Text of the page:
20 June 2019 | MOF Team
Designing a voice user experience is not the same as designing for a traditional UI. If you want to create an outstanding customer experience, you need to master the practice with an intuitive, natural and effective voice user-interface.
We headed to the UX Crunch Meets Amazon – Designing For Alexa conference to hear from experts in the field on best practices for the design of VUIs and how to maximise usability.
Alright, we’re listening...
“Prepare to fail, and when you do, fail gracefully.” Ben Sauer, director of Conversational Design at Babylon Health.
The speakers at the event were keen to highlight just how complex designing for voice is.
As we’re very much still in the discovery phase of this technology, mistakes are the only way to learn. As the old mantra goes, move fast and break stuff.
Voice design supremo Ben Sauer, who has worked with huge organisations from NASA to the BBC, says there are three core elements to integrating ‘voice’ into anything:
In other words – if it doesn’t add value to your offering, don’t bother.
Alexa is now supported by over 30,000 different products, from light bulbs to fridges, televisions to speakers. But she’s not just confined to our homes – you can find her in portable devices like headphones, cars and Fitbits.
Despite this rapid development, many reports suggest that the technology is still frustrating for many.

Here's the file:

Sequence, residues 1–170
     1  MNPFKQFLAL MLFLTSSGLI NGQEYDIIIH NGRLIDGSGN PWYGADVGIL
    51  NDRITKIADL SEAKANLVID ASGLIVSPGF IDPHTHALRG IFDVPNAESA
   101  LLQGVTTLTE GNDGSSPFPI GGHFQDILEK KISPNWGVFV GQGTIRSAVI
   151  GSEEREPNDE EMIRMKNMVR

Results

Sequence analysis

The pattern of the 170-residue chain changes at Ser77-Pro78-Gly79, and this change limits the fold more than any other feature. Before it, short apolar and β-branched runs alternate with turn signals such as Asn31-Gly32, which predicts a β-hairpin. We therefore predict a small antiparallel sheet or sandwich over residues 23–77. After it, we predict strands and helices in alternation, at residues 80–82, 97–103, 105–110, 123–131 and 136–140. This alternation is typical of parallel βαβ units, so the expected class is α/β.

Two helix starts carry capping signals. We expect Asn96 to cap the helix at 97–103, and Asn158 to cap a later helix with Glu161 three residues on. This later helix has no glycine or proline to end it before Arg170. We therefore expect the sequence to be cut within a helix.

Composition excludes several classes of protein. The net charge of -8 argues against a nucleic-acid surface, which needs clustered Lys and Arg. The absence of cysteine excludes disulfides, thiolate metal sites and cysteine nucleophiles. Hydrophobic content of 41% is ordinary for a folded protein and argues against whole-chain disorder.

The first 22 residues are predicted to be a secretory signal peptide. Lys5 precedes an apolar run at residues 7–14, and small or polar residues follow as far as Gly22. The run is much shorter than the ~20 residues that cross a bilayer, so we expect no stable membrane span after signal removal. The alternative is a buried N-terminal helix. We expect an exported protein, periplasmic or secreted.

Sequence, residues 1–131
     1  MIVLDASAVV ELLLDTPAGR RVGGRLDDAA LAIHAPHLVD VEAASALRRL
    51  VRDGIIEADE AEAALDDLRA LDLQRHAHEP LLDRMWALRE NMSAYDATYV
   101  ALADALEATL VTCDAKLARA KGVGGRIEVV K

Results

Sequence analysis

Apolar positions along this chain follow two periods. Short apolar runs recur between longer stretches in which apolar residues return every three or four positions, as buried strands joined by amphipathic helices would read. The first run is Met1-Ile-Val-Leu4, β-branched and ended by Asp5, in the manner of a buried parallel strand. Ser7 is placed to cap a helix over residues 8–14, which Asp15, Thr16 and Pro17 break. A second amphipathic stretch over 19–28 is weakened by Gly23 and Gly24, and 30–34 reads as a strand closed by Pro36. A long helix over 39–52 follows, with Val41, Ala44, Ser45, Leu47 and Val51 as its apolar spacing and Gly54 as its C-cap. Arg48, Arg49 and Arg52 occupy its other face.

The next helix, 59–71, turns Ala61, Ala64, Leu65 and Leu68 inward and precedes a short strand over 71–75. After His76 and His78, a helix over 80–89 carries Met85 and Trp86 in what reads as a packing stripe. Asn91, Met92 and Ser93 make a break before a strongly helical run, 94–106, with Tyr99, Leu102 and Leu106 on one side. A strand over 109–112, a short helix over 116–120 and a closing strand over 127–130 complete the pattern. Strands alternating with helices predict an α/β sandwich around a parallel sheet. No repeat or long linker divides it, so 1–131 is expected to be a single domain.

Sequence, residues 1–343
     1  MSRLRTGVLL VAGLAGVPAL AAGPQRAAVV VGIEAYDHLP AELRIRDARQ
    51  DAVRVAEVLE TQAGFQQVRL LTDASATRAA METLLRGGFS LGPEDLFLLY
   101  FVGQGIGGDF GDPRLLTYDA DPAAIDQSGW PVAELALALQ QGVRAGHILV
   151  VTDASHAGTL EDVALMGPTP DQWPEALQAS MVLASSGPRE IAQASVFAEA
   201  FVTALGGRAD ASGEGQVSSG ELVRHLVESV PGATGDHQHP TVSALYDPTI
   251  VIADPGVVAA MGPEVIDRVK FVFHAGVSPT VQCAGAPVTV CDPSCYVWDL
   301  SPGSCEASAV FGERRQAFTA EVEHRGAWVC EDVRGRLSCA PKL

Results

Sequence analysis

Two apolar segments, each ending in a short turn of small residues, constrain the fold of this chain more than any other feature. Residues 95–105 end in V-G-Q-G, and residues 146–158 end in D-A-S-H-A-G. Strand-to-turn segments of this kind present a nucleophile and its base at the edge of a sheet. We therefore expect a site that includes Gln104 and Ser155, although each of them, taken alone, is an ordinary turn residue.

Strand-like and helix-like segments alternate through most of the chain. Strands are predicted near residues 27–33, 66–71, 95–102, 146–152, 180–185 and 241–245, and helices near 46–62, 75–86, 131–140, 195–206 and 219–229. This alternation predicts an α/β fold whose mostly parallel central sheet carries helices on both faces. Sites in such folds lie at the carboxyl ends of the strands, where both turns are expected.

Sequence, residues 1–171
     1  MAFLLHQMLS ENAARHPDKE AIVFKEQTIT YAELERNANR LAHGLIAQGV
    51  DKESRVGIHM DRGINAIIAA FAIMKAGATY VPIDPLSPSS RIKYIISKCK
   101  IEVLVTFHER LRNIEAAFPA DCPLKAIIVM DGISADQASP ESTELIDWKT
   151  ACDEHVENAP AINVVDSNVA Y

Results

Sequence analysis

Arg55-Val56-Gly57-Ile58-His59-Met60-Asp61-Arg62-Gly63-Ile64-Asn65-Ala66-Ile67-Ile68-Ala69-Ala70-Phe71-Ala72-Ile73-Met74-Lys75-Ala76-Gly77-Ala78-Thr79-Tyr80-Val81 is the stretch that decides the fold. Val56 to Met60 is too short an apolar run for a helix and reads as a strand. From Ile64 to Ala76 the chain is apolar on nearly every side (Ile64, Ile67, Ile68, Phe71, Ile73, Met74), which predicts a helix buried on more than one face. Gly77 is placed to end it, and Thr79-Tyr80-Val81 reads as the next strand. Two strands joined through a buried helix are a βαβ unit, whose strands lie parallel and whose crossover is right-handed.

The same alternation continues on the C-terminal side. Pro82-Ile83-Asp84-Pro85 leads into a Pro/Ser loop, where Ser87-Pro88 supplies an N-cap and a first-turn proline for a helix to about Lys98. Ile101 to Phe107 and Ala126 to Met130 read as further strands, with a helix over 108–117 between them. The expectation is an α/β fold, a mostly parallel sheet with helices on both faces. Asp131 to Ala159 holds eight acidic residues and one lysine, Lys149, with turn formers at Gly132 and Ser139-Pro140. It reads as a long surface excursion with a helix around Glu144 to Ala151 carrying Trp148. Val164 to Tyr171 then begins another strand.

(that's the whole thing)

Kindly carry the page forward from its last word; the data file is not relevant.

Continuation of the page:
Rob Farnell, Director of Voice and AI at the BBC, points out, “We’re not designing for our generation. Voice UI is for generations to come, and those of us interacting with it now are merely guinea pigs. When will we completely trust voice? It doesn’t really matter – children are already ensconced – so whether we like it or not simply doesn’t matter.”
So let’s look at the stats. According to research carried out by OC & C Strategy Consultants looking into US and UK markets:
So it’s clear that we need to sharpen up our voice skills.
Andrea Muttoni, Senior Solution Architect for Amazon Alexa, outlined some best practices for designing for voice:
Other challenges we face in voice search include personalisation – how to accurately deliver the most relevant product or topic to direct the user to next, and how to avoid coming across too sales-y.
As the BBC’s Rob Farnell pointed out: “Once you lose trust, it’s especially hard to get back – particularly in the voice environment.”
Despite scepticism, there is no question as to which way the industry is moving. The fact that global businesses are increasingly investing in the technology, and further results from OC&C’s 2019 study highlight this:
Listen up: VUI is not a stand-alone proposition. It will increasingly become integrated into multi-dimensional experiences and users should be able to seamlessly move from one experience to another.
As with any new technology or marketing channel, the quality of output will improve as brands and businesses learn from the data. Currently, some still think of it as a novelty, but those who see the potential and take it seriously will succeed if they focus on enhanced user experiences rather than gimmicky tactics.
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